Glad to be Gay

Until 1967 homosexual activity was illegal in Britain.

That doesn’t really surprise me, it may as well have been illegal in the 70’s as far as the general public were concerned. I can’t imagine anyone at my school ever admitting to any gayness, their life would have been over. The usual derogatory terms for homosexuals (‘benders’ being the most common) was common currency. With a lack of willing volunteers suspects were identified and if the label stuck for long enough life would be hell.

It was the culture rather than the individual. Take my mate Dave for example who remembers, with shame, turning down a potential chance to see David Bowie with the words ‘I’m not going to see that bender’. Dave’s not anti-gay today, far from it, but in the early 70’s that was a common response. He also got to see Bowie a couple of years later so it’s all ended well.

When I was about 13 I went to my first wedding. The best man’s speech started with a homophobic joke just to get us in the mood, that was common, normal behaviour.

The irony was, of course, that this was the period of glam rock but there lies the rub. No one was in any doubt that, despite their gender bending attire, the like of the Sweet, or Mick Ronson, or Mark Bolan or Garry Glitter (ok bad choice) or even Elton John were normal healthy heterosexual men. When someone did express a liking for the opposite sex it was usually in the context of being bi-sexual i.e. a bit of a phase you were going through, which, in the case of Bowie, was actually correct.

Bowie was an icon not because he might be gay but because he was willing to consider the possibility of being gay along with lots of other possibilities relating to identity. It true though that a nation quivered when, on Top of the Pops, he put his arm round Mick Ronson during ‘Starman’. Yes, we really were that repressed.

And so imagine in 1977, just ten years of legality someone comes forward to the nation and admits to being a homosexual, not because it’s cool or exciting but because he prefers to have sex with men.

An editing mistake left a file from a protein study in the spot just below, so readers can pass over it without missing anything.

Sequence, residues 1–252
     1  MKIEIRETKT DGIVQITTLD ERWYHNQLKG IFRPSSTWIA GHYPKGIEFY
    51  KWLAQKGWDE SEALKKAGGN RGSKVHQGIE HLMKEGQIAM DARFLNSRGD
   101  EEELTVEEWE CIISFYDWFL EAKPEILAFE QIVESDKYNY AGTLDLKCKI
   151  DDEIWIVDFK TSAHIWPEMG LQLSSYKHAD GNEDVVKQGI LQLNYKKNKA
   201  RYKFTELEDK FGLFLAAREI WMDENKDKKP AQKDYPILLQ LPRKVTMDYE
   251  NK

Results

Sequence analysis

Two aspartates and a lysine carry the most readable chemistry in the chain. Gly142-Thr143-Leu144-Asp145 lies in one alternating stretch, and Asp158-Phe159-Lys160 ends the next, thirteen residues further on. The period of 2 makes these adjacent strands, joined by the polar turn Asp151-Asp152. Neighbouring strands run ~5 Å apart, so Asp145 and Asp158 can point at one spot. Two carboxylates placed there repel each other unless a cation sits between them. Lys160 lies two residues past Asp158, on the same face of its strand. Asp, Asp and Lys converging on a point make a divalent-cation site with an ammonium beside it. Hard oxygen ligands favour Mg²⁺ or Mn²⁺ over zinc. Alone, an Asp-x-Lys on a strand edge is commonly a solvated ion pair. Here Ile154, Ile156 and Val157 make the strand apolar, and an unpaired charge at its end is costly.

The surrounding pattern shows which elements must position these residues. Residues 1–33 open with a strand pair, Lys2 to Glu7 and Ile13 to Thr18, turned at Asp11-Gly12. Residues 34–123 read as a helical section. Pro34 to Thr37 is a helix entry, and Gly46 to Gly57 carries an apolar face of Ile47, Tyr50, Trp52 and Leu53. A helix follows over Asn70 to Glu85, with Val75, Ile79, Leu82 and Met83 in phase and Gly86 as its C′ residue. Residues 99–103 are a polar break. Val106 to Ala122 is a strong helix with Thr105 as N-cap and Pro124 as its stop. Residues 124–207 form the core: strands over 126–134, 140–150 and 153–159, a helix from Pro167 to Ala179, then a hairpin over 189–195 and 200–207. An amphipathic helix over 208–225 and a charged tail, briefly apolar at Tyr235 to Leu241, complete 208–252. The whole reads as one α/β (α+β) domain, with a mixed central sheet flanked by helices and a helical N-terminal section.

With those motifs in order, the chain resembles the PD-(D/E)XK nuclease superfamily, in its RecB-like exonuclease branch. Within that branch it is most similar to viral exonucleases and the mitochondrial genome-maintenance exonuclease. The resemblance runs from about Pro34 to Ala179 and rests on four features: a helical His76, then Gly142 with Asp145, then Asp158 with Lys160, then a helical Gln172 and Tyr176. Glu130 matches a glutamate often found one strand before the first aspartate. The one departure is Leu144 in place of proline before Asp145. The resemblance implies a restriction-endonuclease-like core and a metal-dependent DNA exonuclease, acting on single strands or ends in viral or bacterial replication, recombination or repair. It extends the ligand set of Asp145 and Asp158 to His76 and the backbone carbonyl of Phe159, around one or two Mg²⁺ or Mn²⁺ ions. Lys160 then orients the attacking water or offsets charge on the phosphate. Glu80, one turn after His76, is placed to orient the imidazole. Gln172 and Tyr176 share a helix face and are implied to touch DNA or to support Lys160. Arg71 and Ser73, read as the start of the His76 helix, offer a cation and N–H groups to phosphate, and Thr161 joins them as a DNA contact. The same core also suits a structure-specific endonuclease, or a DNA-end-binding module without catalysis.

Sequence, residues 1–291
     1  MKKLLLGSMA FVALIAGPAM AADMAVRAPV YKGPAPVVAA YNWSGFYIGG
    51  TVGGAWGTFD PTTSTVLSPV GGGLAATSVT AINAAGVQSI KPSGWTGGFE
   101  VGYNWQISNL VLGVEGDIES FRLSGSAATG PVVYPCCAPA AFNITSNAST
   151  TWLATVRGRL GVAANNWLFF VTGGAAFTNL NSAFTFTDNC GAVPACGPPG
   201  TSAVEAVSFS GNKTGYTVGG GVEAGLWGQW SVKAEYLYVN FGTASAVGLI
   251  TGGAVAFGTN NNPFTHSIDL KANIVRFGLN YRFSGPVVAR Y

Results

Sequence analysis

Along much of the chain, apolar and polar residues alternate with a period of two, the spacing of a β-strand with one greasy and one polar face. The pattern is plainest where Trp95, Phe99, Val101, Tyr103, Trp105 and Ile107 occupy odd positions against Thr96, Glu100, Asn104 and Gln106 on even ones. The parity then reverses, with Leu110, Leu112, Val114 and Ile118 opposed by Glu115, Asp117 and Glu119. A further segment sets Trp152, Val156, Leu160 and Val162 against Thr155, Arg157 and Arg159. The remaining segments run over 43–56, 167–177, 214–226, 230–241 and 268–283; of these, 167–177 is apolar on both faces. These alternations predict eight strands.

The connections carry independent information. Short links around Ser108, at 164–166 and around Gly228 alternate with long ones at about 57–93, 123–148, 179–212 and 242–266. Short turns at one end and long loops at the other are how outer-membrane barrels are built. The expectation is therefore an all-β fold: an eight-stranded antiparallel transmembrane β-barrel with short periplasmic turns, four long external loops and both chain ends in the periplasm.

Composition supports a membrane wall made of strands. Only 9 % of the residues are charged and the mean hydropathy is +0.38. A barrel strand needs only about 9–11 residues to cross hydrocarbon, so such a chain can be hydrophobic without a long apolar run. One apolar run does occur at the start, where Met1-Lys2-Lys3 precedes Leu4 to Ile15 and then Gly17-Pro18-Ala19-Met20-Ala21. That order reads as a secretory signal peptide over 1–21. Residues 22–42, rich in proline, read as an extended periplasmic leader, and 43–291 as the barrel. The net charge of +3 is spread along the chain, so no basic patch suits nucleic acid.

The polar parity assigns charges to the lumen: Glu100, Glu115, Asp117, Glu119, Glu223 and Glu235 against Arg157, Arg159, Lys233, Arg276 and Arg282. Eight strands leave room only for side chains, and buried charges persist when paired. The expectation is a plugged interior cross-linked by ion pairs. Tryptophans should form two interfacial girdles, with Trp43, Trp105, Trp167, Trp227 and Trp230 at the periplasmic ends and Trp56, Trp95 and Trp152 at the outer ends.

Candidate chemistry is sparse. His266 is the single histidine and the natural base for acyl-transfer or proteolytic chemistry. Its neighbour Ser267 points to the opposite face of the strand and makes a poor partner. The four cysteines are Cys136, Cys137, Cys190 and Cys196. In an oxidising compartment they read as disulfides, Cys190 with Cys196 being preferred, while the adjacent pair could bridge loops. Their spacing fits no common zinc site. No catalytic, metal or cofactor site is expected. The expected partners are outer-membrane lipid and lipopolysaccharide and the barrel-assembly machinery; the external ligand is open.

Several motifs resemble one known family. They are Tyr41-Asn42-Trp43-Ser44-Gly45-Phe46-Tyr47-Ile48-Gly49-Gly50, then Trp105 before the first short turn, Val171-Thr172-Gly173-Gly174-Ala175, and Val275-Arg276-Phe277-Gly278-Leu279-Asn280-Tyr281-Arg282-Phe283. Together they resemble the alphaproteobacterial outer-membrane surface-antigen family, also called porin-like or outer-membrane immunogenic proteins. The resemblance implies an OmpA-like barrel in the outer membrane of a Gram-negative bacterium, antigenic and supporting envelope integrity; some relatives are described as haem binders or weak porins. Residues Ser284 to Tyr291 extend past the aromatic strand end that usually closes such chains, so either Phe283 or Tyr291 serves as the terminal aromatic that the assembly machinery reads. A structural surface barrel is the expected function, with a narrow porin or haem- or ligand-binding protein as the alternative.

That person was Tom Robinson.

Robinson was both a bit posh and a bit old for the punks. If you come from a middle class family from Cambridge then you are very middle class believe me. Robinson has a fine fruity voice which has served him for many years as a radio presenter and comes across as an intelligent likeable guy which must have helped his acceptability among the more enlightened music fans.

Finding himself gay at a time when it was illegal was traumatic for Robinson as no doubt it was for thousands of other young men. After a suicide attempt he was moved to Finchden Manor a community for “delinquent, disturbed or disturbing boys”. Although his feelings were a reaction to the terrible repression of homosexuality Robinson, rather than society’s attitude was seen to be the problem. Finchden was, in some respects and ideal place for someone who found himself out of step with the majority. Alexis Korner was an’ old boy’ of the school, no doubt his bohemian attitudes had not gone down well with mainstream schooling, Korner’s visit, with guitar, inspired Robinson to consider performing himself.

Arriving in London in the mid 70’s Robinson formed the band Café Society. I had always assumed the band were some sort of cut rate Crosby, Stills and Nash but research (yeah that word again) revels a run of the mill mid 70’s band, low on harmonies but packing a bit of a punch thanks to a proper studio rhythm section. The mid 70’s was a boom time for refreshment establishment related bands, we also had Sad Café and Café Jacques, and we didn’t need another. Café Society came to the attention of Ray Davies of the Kinks but he just seemed to waste time, their album only apparently sold 600 copies, Robinson left.

Now he was in the big city Robinson was able to link in with the emerging gay rights movement and decided to form his own band. First recruit and also an ex Finchden resident was guitarist Danny Kustow. With the strangely named ‘Dolphin’ Taylor recruited on drums and Mark Ambler on keyboards the band launched itself into a scene already buzzing with punk energy and audiences populated by A&R men brandishing check books.

The Tom Robinson band had a plan negotiated between Robinson and his record company EMI to project a political band which would make money. The first single 2468 Motorway was a prime chunk of mainstream rock guaranteed to offend no one. 2468 crops up all the time in dadrock drivetime compilations along with ‘Bat Out of Hell’ and ‘Don’t Fear the Reaper’, it’s a minor rock classic. Allegedly about some guy trucker the lyrics are so garbled that to this day I still haven’t got a clue as to what most of the song is about, it’s about as gay as Jeremy Clarkson.

Having appeared on Top of the Pops TRB were now ready to start their manifesto. Their next move was a 4 track EP which pretty much summed up their career. ‘Don’t Take no for an Answer’ was more dadrock. ‘Martin’ was sing a long cabaret and ‘Right on Sister’ was pretty much like you would expect it to be. The meat of the matter was ‘Glad to be Gay’. I’m probably wrong but I can’t remember a song that laid out homosexuality so clearly while confronting the police for their openly homophobic stance.

And it had a tune that was easy to remember and, of course, sing along with.

From then on it was downhill.